photos: Original location 802 West Broadway, 1918 / Newly opened Heritage Gardens, 2018
My name is Trevor Crean; my father and I are third and fourth-generation funeral directors. In 1908, my great-grandfather bought a funeral home in Vancouver. Since then our profession has experienced many changes, in this city and across the country. To be succinct, death has become big business. Many of the family funeral homes faced two choices: a generation succeeded the previous or they sold to consolidators.
When my father was born in the 1950s, there were 14 family-funeral homes in the City of Vancouver (proper) and a grave cost $50. Today, only one real family-funeral home remains and graves cost $23,000 and higher. Financial means now often takes precedence over adherence to beliefs. In Metro Vancouver, where the cremation rate hovers steadily around 80%, it is not uncommon that families forgo the cemetery experience, choosing to scatter cremated remains or keep them at home. The perception is that it saves cost and Grandpas often say, “Just cremate me and scatter me off the back of a boat.” While that is fine for Grandpa, some families struggle later when grandchildren wish to pay respects or visit his resting place and the response is a shrug along with, “Well, he’s somewhere between Bowen Island and Victoria.” With no solution readily apparent, my father and I began looking for a way to provide affordable and sustainable burial space.
In 2016, Dad sold his half of the funeral business to his brother and we set out to build a cemetery. Today, we are proud to announce we’ve opened Heritage Gardens – a sustainable and environmentally-conscious cemetery in South Surrey. With the urban landscape regularly swallowing history, we believe cemeteries can play a larger role in healthy communities. They are places of identity, remembrance and respect.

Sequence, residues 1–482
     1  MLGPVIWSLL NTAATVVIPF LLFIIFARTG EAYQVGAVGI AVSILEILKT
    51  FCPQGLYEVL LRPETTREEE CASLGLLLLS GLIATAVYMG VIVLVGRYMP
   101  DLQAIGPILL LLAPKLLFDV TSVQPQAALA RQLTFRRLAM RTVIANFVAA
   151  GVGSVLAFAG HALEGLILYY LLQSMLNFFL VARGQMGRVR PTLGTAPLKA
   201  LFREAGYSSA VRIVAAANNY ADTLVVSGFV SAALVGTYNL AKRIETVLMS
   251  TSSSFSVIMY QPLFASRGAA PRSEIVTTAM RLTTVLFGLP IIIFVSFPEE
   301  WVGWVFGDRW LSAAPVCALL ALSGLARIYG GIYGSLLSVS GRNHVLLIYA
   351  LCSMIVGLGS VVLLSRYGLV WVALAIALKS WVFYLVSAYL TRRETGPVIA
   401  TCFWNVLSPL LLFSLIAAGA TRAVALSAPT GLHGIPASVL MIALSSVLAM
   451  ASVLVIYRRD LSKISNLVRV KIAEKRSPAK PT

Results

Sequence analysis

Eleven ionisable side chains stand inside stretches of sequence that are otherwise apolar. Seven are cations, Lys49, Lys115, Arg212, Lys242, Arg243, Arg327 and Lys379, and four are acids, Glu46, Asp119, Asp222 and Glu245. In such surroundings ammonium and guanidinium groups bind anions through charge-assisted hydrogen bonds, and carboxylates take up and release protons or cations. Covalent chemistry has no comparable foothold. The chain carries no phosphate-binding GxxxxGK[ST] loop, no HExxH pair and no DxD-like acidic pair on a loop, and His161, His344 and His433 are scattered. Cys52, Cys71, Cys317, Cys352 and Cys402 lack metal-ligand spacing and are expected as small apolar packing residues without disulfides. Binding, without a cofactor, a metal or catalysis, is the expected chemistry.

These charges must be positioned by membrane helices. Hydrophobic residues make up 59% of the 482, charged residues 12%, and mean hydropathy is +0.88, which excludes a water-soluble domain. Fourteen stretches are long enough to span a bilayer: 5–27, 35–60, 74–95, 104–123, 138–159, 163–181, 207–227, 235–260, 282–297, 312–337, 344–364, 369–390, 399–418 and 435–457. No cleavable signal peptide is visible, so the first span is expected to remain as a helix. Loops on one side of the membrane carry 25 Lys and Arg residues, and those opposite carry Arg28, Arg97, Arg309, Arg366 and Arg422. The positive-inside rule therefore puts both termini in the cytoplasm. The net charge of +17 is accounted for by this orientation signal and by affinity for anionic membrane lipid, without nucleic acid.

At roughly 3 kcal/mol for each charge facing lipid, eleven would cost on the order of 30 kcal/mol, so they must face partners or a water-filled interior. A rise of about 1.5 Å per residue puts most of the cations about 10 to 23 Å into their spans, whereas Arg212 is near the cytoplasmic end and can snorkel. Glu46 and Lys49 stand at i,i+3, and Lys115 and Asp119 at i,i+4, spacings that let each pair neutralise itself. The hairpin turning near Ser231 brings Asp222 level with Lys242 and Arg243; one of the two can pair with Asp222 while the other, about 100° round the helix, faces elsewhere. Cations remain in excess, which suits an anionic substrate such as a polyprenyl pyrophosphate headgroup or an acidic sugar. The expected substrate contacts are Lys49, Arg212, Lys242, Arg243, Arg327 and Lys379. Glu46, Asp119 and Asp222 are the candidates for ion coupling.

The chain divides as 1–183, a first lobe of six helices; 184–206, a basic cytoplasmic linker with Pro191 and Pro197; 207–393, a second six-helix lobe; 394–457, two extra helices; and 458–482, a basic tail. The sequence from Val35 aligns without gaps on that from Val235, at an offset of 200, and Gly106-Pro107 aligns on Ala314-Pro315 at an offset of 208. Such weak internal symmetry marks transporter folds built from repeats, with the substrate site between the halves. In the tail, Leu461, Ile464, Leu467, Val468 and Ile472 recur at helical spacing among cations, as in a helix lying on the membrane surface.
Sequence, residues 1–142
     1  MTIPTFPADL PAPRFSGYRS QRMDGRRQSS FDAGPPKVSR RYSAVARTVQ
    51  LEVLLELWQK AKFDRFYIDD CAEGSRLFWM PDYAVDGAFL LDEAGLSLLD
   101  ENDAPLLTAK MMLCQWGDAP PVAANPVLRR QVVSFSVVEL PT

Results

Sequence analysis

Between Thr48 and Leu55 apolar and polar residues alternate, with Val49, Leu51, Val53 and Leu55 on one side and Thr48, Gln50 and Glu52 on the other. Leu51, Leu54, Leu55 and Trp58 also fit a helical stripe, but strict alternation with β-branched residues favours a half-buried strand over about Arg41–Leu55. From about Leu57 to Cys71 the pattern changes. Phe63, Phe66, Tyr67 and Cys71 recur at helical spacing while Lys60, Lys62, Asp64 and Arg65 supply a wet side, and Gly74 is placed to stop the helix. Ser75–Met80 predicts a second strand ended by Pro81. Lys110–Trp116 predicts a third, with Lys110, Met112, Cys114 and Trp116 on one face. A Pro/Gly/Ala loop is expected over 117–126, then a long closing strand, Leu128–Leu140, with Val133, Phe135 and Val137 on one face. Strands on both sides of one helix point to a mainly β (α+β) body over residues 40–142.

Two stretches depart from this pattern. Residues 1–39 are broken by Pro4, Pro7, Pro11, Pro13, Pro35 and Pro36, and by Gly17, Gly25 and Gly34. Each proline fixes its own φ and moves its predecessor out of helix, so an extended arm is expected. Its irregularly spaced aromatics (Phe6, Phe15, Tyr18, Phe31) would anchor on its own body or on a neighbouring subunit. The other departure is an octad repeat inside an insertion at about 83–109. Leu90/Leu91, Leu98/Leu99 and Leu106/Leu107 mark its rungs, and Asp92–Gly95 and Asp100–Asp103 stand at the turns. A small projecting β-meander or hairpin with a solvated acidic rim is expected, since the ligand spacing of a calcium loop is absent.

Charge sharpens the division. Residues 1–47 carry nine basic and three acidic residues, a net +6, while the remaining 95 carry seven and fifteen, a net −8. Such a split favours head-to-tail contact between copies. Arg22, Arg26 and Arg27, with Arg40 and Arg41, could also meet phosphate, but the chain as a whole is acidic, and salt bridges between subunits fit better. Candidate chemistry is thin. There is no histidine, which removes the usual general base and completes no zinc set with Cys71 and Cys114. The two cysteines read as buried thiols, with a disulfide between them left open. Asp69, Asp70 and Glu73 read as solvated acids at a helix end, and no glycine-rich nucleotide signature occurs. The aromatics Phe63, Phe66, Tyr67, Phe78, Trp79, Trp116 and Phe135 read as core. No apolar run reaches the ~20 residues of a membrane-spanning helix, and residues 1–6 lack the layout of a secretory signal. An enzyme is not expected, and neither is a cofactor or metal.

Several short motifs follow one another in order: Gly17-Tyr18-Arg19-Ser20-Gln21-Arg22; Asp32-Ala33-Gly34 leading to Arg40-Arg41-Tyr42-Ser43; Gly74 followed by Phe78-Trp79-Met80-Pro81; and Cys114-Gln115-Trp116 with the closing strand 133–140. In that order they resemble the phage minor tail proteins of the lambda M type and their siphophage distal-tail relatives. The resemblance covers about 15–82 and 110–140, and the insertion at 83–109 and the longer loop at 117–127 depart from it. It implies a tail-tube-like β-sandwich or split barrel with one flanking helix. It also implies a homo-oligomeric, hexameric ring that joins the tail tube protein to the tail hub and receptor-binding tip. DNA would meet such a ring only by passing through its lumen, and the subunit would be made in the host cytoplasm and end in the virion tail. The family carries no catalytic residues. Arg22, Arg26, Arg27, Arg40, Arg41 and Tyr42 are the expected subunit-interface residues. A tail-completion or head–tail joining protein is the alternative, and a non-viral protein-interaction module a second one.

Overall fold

We want to reconnect society with cemeteries by focussing on the positive: the deceased are not just your family; they built our communities and they’re part of the fabric. These are the folks we tell stories and write books about. Heritage Gardens can create neighbourhoods to capture and preserve the history of organizations, such as labour, faith groups and service clubs. People benefit from having a focal point where they can stop and reflect. Take, for example, the world’s fascination with social media. In essence, it is people establishing significance. Whether it’s about feelings, family or events, we are driven to share and discuss our experiences because when people respond, it makes the subject significant. A family name carved into stone can go a long way; after all, what is more significant than a life lived?
Heritage Gardens reflects the values of the families we’ve spoken to. People want natural and sustainable options. By using the space effectively, we can bury two caskets and up to eight urns in one plot; that’s 10 family members. We also give families the option of whether they use a grave vault or not, meaning they can observe green burial practices in their plot. At our recent open house, we polled visitors about whether they preferred the grounds herbicided and manicured, like a traditional lawn, or to let weeds and flowers grow to give pollinating insects a foothold. The response was 100% in favour of keeping it natural and pollinator-friendly so much so that we may add bee hives in the spring!
As the first new cemetery to open in the Lower Mainland in over 50 years, it’s been a challenge to rezone and develop the property. While it may have been easier to build condos, we know we’ve created something meaningful and lasting. If you share our vision, or want to learn more, get in touch with us.